Back in the day, when I first started covering round-the-world races like the Volvo Ocean Race and the Vendée Globe for yachting magazines and newspapers, the most engrossing stories came from the Southern Ocean legs: the mystical, sometimes mythical waters spinning around the southern extremes of the planet. Known by the legendary nicknames of the bands of latitude they encompass—the roaring forties, furious fifties and screaming sixties—these locations tantalized me with tales of huge seas, big breeze and derring-do. I became personally obsessed with sailing there myself, a goal that was realized about 20 years ago when I joined an expedition to sail from Australia to Antarctica across the wild southern sea. It was a pretty epic trip, and, though we got seriously hammered down and back, I’ve always relished the experience. That said, I’ve never felt a huge need to return.
But I still love following the exploits of those sailors who test themselves in those grand, crazy conditions—which is why I was especially excited for the third leg of the current edition of The Ocean Race, the new title for the round-the-world contest formerly known as the Whitbread and then the Volvo. The roughly 14,000-nautical-mile voyage from Cape Town, South Africa, to Itajaí, Brazil, leaving to port the trio of great southern capes—South Africa’s Cape of Good Hope, Australia’s Cape Leeuwin and the formidable Cape Horn off the tip of South America—was expected to take more than a month and represented the longest distance in the event’s combined 50-year history. For the four boats in the race, the expectations of a wild and woolly trip were sky-high. And they were realized.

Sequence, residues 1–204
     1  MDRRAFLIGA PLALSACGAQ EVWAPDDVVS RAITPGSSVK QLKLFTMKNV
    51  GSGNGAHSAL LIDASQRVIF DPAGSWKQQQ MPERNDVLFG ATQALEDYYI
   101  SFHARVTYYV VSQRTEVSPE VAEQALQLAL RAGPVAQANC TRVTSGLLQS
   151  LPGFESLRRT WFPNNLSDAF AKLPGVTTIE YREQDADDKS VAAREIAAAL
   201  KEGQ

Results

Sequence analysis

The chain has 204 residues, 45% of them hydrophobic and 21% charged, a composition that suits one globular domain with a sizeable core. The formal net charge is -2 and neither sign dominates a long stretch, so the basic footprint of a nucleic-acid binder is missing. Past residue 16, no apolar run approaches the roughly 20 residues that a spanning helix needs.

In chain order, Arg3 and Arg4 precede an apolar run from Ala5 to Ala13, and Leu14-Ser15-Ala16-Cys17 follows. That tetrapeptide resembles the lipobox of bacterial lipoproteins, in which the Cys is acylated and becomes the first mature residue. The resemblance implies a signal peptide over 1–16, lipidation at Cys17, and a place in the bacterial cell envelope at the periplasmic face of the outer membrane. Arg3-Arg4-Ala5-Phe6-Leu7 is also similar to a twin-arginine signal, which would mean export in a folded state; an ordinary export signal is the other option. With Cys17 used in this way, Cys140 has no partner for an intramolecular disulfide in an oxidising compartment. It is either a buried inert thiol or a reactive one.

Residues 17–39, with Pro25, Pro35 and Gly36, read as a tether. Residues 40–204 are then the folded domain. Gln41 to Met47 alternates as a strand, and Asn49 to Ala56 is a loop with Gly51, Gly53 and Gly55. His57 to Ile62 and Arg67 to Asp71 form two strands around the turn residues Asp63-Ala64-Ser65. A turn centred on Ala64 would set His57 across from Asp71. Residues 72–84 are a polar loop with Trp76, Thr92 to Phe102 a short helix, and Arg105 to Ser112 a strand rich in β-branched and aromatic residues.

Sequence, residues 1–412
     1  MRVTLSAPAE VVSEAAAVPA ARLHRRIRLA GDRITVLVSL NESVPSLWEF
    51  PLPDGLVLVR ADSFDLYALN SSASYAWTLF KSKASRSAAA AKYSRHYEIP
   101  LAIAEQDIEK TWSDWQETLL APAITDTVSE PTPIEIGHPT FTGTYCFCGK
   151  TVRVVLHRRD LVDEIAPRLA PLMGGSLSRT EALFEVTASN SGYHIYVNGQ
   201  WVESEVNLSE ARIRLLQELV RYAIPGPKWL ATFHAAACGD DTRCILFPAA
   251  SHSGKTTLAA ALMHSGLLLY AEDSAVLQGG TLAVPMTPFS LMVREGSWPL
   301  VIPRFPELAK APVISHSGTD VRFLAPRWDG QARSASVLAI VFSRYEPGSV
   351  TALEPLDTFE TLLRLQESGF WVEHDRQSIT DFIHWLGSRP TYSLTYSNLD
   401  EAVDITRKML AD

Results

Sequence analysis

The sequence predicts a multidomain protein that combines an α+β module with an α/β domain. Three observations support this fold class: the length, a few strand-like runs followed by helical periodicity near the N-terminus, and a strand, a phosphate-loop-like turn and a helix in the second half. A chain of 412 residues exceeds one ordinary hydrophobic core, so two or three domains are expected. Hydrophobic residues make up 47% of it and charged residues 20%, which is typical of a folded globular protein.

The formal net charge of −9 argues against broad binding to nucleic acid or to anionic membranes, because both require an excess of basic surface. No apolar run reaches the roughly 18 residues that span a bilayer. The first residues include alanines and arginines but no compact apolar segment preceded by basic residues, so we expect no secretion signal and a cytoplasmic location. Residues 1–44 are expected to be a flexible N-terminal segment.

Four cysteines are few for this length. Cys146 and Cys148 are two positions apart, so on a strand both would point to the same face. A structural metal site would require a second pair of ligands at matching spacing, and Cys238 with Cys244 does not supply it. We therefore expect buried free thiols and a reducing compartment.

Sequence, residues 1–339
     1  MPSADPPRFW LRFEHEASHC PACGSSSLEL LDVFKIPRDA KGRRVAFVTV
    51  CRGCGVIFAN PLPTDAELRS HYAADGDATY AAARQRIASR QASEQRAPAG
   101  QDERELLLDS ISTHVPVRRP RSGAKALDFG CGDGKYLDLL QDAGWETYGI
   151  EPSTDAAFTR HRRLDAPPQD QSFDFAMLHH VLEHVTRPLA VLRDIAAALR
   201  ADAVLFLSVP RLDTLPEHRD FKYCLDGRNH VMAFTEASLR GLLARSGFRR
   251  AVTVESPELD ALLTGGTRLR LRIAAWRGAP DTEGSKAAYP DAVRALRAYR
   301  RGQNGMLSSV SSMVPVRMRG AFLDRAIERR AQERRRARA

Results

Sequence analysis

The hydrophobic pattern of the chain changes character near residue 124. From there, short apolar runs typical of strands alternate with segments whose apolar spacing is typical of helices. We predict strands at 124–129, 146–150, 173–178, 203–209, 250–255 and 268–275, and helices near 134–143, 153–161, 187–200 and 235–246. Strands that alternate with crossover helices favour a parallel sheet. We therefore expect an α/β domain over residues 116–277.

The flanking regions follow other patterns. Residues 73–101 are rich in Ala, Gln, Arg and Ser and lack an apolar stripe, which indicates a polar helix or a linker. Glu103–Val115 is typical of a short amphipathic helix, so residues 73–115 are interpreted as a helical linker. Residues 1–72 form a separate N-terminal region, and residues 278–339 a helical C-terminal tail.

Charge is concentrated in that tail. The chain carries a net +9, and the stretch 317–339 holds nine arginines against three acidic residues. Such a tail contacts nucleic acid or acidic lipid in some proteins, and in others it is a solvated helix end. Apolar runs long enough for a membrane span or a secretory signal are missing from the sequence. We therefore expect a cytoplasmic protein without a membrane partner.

In the end, there was also an unlikely, come-from-behind winner after five full weeks at sea: German skipper Boris Herrmann’s well-tested foiling 60-footer, Team Malizia.
For Herrmann and his four-person crew, it was a rocky beginning; Team Malizia lost a sail almost at the outset and then soon discovered a nearly foot-long crack near the top of its 90-foot spar. The team considered returning to Cape Town for a repair, but, after co-skipper Rosalin Kuiper was sent aloft to inspect the damage, they instead decided to fix the spar underway. In the meantime, however, on the strength of a record-breaking 24-hour run of 595.26 nautical miles, Team Holcim-PRB stretched out to a nearly 600 nm lead. The chase was on.
One of the most remarkable aspects of following this edition of The Ocean Race is the amazing video footage coming from the racecourse (each boat has a crewmember who supplies the stories and images). The drone shots, especially, in huge seas and with the boats in full foiling mode, are wildly impressive.
And as they sailed into calmer conditions, with the rest of the fleet bringing fresh breeze from astern, Team Holcim-PRB’s lead slowly began to evaporate. By the time the boats approached Cape Horn, Team Malizia had established a tenuous but impressive 30 nm lead.
The leaders clawed their way up the coast of South America to Brazil—almost always in sight of each other—but there was one last obstacle: a 60-knot gale on the leg’s penultimate night at sea. Team Holcim-PRB suffered rig damage in an accidental crash jibe, which gave Team Malizia an 80 nm advantage on the last day of racing to seal the victory.
Back in my cozy armchair, like many fans, I breathed a sigh of relief. Yes, I cherished my own time in the Southern Ocean. This time, I was happy to take it all in from the bleachers.